- Ask for help: The world is full of resources for caregivers. Talk to your physician. Consult with associations and social networks. Talk to your friends and family.
- Recognize your limits: You need to take care of yourself first. Your quality of life and health matter too.
- Make mistakes: You’re going to make mistakes. It’s okay. Learn from them.
- Grieve: It okay to mourn the person you used to know.
- Laugh and love: Life without humor is hardly living. It’s important to laugh and to love.
- Hope: If today is hard, it doesn’t mean that tomorrow will be harder. You should hold onto that hope.
Reducing Your Stress as a Caregiver
Taking care of your loved one with Alzheimer’s might be the most stressful responsibility of your life. If you don’t take measures to alleviate the stress of it, your own quality of life and health are at risk, which does no good for your loved one.
As such, it is perhaps more important as a caregiver than during any other time in your life to manage your stress. Find time each day to relax. Make sure you have a hobby and stick to it. Make a list of tasks that need to be completed. Keep a journal. Laugh more often. Exercise often and get plenty of rest.
You can also hire part-time hospice care to watch your loved one while you go out, and you should never feel guilty for leaving them with someone else.
Helpful Resource for People Living with Alzheimer’s Disease: A list of professional resources and organizations devoted to helping people with Alzheimer’s Disease.
Alzheimer’s: What Every African-American Needs to Know: A video that discusses the impact of Alzheimer’s on the African-American community.
Early-Onset Alzheimer’s Disease: A Resource List: A resource list published by the National Institute on Aging.
Relieving Stress & Anxiety: Tips and resources for caregivers to relieve the stress of taking care of someone with Alzheimer’s.
Caregiver Resources: Published by Alzheimers.gov, this is a list of articles and organizations to help caregivers.
Alzheimer’s Disease: Incredibly Useful Web Sites on Alzheimer’s Disease: A short PDF published by the Alzheimer’s Association with useful websites for families, educators and students looking to learn more about this disease.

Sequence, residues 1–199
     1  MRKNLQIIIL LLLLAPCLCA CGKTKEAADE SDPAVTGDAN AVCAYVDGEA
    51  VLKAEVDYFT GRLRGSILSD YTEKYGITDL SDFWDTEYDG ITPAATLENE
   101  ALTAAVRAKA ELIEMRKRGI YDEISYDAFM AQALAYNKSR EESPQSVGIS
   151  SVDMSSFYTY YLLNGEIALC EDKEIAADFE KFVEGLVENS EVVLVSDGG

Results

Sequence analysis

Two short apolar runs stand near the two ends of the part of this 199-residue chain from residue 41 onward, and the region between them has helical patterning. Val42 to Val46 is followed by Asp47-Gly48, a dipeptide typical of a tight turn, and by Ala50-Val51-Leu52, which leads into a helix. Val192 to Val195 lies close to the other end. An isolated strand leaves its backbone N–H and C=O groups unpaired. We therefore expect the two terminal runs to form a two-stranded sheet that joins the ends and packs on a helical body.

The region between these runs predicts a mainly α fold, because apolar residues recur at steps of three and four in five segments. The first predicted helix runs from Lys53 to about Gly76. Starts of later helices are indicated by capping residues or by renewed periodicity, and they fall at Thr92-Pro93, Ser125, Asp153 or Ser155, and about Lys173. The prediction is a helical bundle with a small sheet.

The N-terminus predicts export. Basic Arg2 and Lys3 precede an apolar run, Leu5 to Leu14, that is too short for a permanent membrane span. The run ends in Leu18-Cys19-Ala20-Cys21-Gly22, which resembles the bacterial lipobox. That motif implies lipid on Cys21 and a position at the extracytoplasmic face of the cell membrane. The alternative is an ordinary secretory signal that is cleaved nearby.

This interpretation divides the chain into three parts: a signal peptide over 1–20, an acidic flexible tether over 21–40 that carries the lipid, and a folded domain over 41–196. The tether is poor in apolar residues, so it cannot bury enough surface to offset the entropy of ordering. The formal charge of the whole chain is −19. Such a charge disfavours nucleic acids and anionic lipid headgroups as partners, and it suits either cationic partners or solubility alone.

Stages of Alzheimer’s Disease: Incredibly Useful Web Sites: A short PDF published by the Alzheimer’s Association featuring websites related to the various stages of this disease.
Safety and Alzheimer’s Disease: Incredible Useful Web Sites: Another short PDF published by the Alzheimer’s Association with helpful websites related to safety.
Drugs: Incredible Useful Web Sites: Another short PDF published by the Alzheimer’s Association with helpful websites related to safety.
|Alzheimer's Foundation of America|
322 Eighth Avenue
New York, NY 10001
Tel: 866-AFA-8484 (232-8484)
Alzheimer's Disease Education
22512 Gateway Center Drive
Clarksburg, MD 20871
Tel: 1- 800-437-2423
John Douglas French Alzheimer's
|Lewy Body Dementia Association|
912 Killian Hill Road, S.W.
Lilburn, GA 30047
Tel: 404-935-6444; 800-539-9767
Alz Connected: A free online community for everyone affected by Alzheimer’s or another form of dementia.
AgingCare.com’s Alzheimer’s & Dementia Support Group: Get the answers and support from those facing the challenges of caring for a loved one with Alzheimer's or dementia. Ask your questions and get helpful answers from caregivers and memory care experts.
ALZTalk.org: A forum for caregivers, treatment, research and support.
Alzheimer’s Society: Talking Point: This forum is a place for anyone affected by dementia to introduce themselves, ask for advice, share information, join in discussions and feel supported.
Alzheimer’s Association Support Groups by State: Offers peer- or professionally led groups for caregivers and others dealing with Alzheimer's disease. All support groups are facilitated by trained individuals. Many locations offer specialized groups for children, individuals with younger-onset and early stage Alzheimer's, adult caregivers and others with specific needs.
Fisher Center Foundation’s Caregiver’s Corner: This is a resource for support, training and educational resources for caregivers.
Family Caregiver Alliance: A support group just for caregivers.
Caregiving Network: A website devoted to caregiving tips, advice, research and support.